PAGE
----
An Update to The Taylor Review
An update to The Taylor Review could have far-reaching effects on zero hours contracts.
The Taylor Review is an independent review of modern working practices by Matthew Taylor on behalf of the government commissioned in October 2016 and took place in February 2017.
An update of the Review of February 2017 has been given by the Work and Pensions Committee and the BEIS Committee who published the fact that key recommendations from the Review will be acted upon.
The review followed 6 themes and includes (a) security, pay and rights (b) progression and training, and (c) balance of rights and responsibilities.
The recommendations mean that future changes are in the drafting and could be on the way. These changes include;
- Clearer definitions of employment status emphasising the importance of control (see Pimlico article).
- Individuals assumed to have a default worker status in organisations over a certain size.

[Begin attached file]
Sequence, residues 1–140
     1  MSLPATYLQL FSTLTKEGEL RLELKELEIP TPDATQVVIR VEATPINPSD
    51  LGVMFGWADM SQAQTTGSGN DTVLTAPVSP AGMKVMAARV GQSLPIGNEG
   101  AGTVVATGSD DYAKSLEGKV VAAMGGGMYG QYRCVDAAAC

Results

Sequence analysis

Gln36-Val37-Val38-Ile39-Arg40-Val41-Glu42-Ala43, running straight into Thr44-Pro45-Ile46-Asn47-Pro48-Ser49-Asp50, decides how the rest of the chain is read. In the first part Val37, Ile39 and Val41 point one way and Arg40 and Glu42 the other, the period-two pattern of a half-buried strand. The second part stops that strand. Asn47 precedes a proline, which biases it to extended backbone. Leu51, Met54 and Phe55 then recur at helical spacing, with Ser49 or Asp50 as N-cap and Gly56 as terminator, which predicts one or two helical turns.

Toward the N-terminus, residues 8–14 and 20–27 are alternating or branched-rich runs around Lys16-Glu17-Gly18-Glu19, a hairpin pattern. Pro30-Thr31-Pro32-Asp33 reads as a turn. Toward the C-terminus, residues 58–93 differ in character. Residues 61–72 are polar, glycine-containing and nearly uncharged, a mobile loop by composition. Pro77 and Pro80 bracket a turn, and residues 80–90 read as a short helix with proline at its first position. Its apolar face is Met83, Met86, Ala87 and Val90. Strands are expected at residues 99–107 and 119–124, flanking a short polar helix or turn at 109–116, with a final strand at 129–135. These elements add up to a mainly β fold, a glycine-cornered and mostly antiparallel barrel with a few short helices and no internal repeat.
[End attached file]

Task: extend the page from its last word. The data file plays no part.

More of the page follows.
- Requirement for written statement of terms to be provided within 7 days of engagement.
- Zero hours agreements to have either a minimum number of hours per week or a premium national minimum wage to compensate for uncertainty.
- Higher fines for those who falsely class workers as self employed who know this not to be the case (i.e., have had previous finding)
Whilst many generally agree that these changes would be a good thing for the UK and its employment law, this is set to have an effect on the care industry and those with zero hours contracts.
Our experience of working with network partners is that many staff have zero hours contracts not because employers are trying to take advantage of such staff but because these staff genuinely like having the flexibility to alter their hours and shifts to fit in with their changing lives. Time will tell how this will effect the industry but the study and its effects will no doubt start to feature on next year’s employment law updates.